As a Sparks leader, I’m always looking for new activities that tie in with the programming provided by Girl Guides of Canada. One of the ways I do this is Pinterest – I have a whole board called Sparks Ideas where I save anything I think could work, and when I need inspiration I go back and take a look.
One of the Sparks Keepers (badges) is Going Outdoors, and one of the suggested activities is to pretend to be a tree, and to think about how a tree feels in different situations. (For the record, when its leaves fall off it’s sad and when a squirrel climbs up it, it tickles.) Scrolling through my pins, I found the perfect one: a fall tree painting project! (Note that the link in the pin takes you to a blog post written in Italian – but it has enough pictures that you get the idea! Also, Google Translate will give you a very rough idea of the words.)
Starting with white card stock – I used the spare inserts from some scrapbooking pages – each girl traced a circle at the top of the page. We used a small plate but you could use anything circular scaled to the size of the paper you pick. Then each girl painted their own trunk and a few branches – and then we took the paint brushes away. What?!?! They were confused. Then we got out… Q-Tips!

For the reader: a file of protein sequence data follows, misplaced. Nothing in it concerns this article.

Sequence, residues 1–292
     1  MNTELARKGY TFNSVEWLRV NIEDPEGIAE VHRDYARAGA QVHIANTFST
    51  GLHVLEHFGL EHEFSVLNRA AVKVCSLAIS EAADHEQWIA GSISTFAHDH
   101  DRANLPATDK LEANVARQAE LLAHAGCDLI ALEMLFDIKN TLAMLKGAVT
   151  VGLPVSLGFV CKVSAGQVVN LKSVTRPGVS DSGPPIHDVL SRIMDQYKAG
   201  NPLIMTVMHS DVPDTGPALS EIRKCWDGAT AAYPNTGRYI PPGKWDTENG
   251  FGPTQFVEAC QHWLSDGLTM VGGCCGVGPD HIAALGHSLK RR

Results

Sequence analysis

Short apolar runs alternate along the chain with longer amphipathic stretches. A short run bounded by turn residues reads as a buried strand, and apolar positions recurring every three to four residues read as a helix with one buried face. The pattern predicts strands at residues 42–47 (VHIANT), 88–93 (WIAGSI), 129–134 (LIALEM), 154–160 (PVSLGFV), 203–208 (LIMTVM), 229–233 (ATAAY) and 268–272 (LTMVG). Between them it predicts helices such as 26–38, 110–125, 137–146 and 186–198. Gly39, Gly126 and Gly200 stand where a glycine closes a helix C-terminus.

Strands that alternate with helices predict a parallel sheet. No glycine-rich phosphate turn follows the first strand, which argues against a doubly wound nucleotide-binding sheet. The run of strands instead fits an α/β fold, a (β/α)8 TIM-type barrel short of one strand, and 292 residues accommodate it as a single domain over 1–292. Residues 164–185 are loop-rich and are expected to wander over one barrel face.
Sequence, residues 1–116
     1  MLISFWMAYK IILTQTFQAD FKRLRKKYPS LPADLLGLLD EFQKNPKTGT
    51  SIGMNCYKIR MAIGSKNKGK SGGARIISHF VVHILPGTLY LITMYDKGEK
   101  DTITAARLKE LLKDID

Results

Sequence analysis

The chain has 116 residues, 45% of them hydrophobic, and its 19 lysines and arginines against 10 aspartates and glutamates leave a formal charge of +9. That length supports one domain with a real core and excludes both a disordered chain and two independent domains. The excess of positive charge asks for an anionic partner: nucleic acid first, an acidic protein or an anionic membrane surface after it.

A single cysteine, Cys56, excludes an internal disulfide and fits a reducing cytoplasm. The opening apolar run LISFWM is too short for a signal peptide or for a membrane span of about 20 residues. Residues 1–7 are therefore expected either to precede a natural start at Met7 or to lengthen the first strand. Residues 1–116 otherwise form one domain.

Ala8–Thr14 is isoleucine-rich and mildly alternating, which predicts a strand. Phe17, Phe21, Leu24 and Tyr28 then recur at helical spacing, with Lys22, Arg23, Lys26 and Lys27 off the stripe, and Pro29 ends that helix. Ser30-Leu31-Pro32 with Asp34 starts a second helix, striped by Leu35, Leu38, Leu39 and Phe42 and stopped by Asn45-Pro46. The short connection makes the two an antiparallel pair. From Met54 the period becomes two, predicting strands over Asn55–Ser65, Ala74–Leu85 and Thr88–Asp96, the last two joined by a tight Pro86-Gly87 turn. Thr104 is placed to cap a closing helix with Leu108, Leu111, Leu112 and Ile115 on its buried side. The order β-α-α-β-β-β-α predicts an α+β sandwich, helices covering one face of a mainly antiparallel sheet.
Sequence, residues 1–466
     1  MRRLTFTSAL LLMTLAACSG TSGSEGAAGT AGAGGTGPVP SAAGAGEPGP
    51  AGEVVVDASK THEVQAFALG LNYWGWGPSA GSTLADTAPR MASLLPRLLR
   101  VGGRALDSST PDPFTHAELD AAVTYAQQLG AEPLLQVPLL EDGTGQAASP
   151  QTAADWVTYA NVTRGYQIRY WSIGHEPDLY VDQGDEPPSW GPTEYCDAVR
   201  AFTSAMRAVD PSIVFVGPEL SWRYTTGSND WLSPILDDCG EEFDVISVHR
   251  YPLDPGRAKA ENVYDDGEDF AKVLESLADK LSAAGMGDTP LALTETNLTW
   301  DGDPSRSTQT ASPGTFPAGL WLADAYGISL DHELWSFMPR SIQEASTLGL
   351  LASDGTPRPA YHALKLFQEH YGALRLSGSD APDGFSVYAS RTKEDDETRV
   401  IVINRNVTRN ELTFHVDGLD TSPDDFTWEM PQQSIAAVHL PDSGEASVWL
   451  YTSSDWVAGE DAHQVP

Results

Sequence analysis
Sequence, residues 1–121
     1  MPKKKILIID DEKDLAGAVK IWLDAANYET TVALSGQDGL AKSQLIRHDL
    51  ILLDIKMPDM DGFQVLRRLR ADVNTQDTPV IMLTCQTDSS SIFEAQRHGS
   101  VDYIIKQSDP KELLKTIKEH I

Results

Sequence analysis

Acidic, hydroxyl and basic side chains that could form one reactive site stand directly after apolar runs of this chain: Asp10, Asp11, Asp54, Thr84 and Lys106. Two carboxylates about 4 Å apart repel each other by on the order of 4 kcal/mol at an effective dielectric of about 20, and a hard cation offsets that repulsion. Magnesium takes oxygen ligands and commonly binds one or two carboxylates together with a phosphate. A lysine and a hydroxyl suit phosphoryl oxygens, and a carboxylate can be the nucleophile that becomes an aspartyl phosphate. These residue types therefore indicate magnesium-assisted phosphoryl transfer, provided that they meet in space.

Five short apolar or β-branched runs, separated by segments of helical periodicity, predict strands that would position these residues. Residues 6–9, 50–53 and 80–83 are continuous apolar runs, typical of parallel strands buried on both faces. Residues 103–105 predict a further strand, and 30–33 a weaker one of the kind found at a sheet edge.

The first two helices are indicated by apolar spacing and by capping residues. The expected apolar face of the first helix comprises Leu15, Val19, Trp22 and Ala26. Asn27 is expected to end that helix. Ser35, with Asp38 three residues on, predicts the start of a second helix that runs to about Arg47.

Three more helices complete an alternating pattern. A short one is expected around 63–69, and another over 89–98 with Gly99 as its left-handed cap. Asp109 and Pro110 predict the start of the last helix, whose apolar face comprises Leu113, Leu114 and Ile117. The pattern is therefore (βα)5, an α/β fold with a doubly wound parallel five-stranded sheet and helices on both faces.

It sounds like a silly idea but it’s actually quite effective. Dabbing different fall colours onto the treetop (the circle) you get a kind of a pointillism effect. Then you can add some “leaves” falling off the tree, or piled at the base.
I love doing art with little kids, because I love to see what they can come up with and I love seeing how a group of girls working at the same table will come up with such different results. Some will be…. more abstract:
Some are always more creative than average and think outside the box. In this case a couple of girls added squirrels and even a person to their trees:
This was a great craft/art project for a number of reasons. It let the girls experiment with colours – for example, I didn’t put out orange paint, just let them mix yellow and red. This led to them experimenting with mixing other colours, like gold and green which actually made a quite tree-like colour in the end! It also let them experiment with painting – not just for paintbrushes and fingers any more! And it was also good fine motor practice for them.
A Spark at work:
I have a small group of Sparks this year (right now we are at 5) which is kind of nice in a way. It lets us have really good discussions with the girls, and also lets us as leaders get more hands-on. Tonight we both sat with the girls and participated in the art project, talking to the girls as they went along about what they were doing, what colours mixed well together, don’t mix brown and green or you’ll just get an uglier brown, etc.
Here are the leaders’ final pieces, “Amethyst” first and then mine (I go by “Sapphire” as a Spark leader):